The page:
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The Second Coming of Peter Lougheed Add to ...

Not that the former premier has the province onside on all of this. "I don't represent with this view the majority of Albertans," Lougheed says. "But it's getting to be that more and more are agreeing with me. They're starting to be impacted by the cost factors all around us, and then they're saying, 'I remember Lougheed saying that we're going too fast.' "

Polls suggest Lougheed may be closer to the mainstream than he thinks. A poll conducted for the green-leaning Pembina Institute in the spring of 2007 reported that 71% of Albertans believe new oil sands approvals should be suspended until infrastructure and environmental issues have been addressed. And 74% think the rate of development should be managed by the provincial government, compared to the 20% who feel that the pace should be decided by market forces. Half of those polled believe oil sands development has been too fast; 56% thought that the province is not getting its fair share from its oil and gas resources.

Roger Gibbins, president of the Canada West Foundation, a Calgary-based think tank, believes that the former premier carries weight because he kept his powder dry and concentrated on the big issues. Moreover, as the Pembina numbers suggest, many people are receptive to his sort of ideas.

"Within the province, there is a very lively debate about the pace of growth, so Lougheed was speaking to a real audience," says Gibbins. "A fair bit of polling demonstrated that an overwhelming majority of Albertans supported a change in the royalty review and did not buy into the industry argument, and in fact was quite skeptical about the positive contribution of the industry to the province. I would be hesitant to say that Lougheed was speaking to a minority constituency."

If nothing else, the polls indicate an unexpected divergence between Alberta's people and its government--unexpected because the people (or at least those who voted in a record low turnout) returned the Tories under Stelmach in a landslide election victory last spring.

Chris Severson-Baker of the Pembina Institute says that Lougheed has seemed radical because Klein and Stelmach are of the small-c conservative school, which holds that if the pace of development is too fast, the market will correct it. It is not something for government to worry about.

"The ideology of the market pervades all the cabinet ministers," Severson-Baker declares. "When you sit down and chat with them, one of the first things they point out to you is, 'Look, we don't see it as our job to control the pace of development. That's for the market to decide.' "

The message from the Stelmach government is uncertain. The new Premier and his ministers may be convinced free-marketers. But, on royalties, they turned their backs on Klein, who was adamant that no revisions were necessary. "I think Mr. Stelmach came up with a pretty good balance," Lougheed says.

It amounts to raising about $2 billion more a year from the industry. The epithets that came from that side in reaction were predictable: Albertastan, disturbed, Goodbye Canada, socialist, killing the golden goose, shocked, aghast, Putinesque--all much the same as the complaints against Newfoundland Premier Danny Williams when he took on the oil companies over the province's offshore take.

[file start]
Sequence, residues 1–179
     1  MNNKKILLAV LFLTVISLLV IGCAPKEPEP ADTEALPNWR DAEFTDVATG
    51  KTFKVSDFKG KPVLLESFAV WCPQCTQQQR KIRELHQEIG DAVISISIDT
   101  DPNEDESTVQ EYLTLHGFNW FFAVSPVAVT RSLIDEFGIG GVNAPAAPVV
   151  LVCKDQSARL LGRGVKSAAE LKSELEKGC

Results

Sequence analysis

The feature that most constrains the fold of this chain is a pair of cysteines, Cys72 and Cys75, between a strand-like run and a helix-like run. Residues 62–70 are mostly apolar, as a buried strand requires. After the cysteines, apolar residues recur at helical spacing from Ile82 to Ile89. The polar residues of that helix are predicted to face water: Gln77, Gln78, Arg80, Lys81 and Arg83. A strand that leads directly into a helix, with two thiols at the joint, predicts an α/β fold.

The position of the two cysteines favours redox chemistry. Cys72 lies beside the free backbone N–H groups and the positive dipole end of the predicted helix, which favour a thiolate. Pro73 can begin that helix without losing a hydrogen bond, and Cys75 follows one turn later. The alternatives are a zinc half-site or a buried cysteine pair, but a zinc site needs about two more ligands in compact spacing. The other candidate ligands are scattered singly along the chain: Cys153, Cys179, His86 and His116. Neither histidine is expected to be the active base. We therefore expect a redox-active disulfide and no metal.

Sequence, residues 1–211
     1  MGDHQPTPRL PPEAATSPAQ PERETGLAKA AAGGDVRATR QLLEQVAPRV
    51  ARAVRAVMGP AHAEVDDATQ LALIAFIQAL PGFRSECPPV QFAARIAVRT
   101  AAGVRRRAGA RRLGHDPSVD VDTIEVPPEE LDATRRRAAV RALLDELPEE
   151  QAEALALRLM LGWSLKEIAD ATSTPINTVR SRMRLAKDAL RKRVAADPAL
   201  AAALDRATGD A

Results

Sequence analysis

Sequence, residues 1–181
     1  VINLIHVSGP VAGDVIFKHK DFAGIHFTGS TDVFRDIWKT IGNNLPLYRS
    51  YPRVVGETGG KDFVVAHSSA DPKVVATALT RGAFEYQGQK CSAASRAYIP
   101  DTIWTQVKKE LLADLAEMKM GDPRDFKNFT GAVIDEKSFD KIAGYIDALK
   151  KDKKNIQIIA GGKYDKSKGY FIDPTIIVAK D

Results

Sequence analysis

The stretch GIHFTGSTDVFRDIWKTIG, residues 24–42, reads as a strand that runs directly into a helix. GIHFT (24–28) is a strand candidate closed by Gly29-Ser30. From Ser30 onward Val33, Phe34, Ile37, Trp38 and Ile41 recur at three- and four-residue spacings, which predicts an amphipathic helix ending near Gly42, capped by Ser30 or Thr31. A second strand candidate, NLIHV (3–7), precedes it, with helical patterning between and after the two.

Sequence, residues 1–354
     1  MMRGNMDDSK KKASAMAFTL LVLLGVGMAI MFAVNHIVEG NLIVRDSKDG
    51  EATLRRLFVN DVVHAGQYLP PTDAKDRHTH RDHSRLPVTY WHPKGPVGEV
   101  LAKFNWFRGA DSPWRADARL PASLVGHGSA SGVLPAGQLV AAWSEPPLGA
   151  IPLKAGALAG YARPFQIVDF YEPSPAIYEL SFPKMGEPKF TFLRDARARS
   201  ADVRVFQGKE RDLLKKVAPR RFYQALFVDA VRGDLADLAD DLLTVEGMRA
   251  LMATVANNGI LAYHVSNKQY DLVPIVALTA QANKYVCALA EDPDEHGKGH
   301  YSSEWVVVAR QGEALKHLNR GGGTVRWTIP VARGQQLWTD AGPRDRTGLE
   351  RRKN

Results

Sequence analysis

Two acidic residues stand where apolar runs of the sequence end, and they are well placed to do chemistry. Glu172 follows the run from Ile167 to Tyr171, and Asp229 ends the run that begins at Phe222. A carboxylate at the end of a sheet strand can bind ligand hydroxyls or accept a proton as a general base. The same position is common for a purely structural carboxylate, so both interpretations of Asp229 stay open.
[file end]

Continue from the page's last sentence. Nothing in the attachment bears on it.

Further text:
"As soon as they saw it was a fait accompli, many of them pulled back," comments Lougheed, who has seen the pattern before. The retreat also had something to do with rising oil prices. "It's pretty hard to start crying when your share price is going way up and your profits are going way up, too."

Public-spirited Lougheed may be, but he is also settling accounts with Klein, the roughneck radio reporter-turned-politician who ruled Alberta from 1992 to 2006.

Peter McCormick, a political scientist at the University of Lethbridge, thinks of Klein as the interloper who stole the Conservative party from the party establishment; the establishment was, above all, Peter Lougheed, and the establishment regarded Klein as a hoodlum. Klein was the coarse, hard-drinking loudmouth who denounced eastern bums and creeps, and cursed homeless people. In contrast, the patrician Lougheed was the abstemious, superorganized workaholic who, as a politician, was as smooth as they come.

McCormick describes Lougheed as a creature of the 1970s. In that decade, there was a wave of provincial elections across Canada that returned reform governments. Regardless of party label, they were socially progressive, change-oriented, committed to the idea that government could solve problems and that government spending was a good thing--"a remarkable decade for politics; in many ways, we're spoiled rotten for having lived through it. We'll never get that again," says McCormick.

Much the same kind of enthusiasm comes from Ipsos Reid pollster Darrell Bricker, who looks back on the Lougheed regime as Alberta's halcyon days. Of his successors--Don Getty, Klein and Stelmach--Bricker says: "It's not been a pantheon of heroes."

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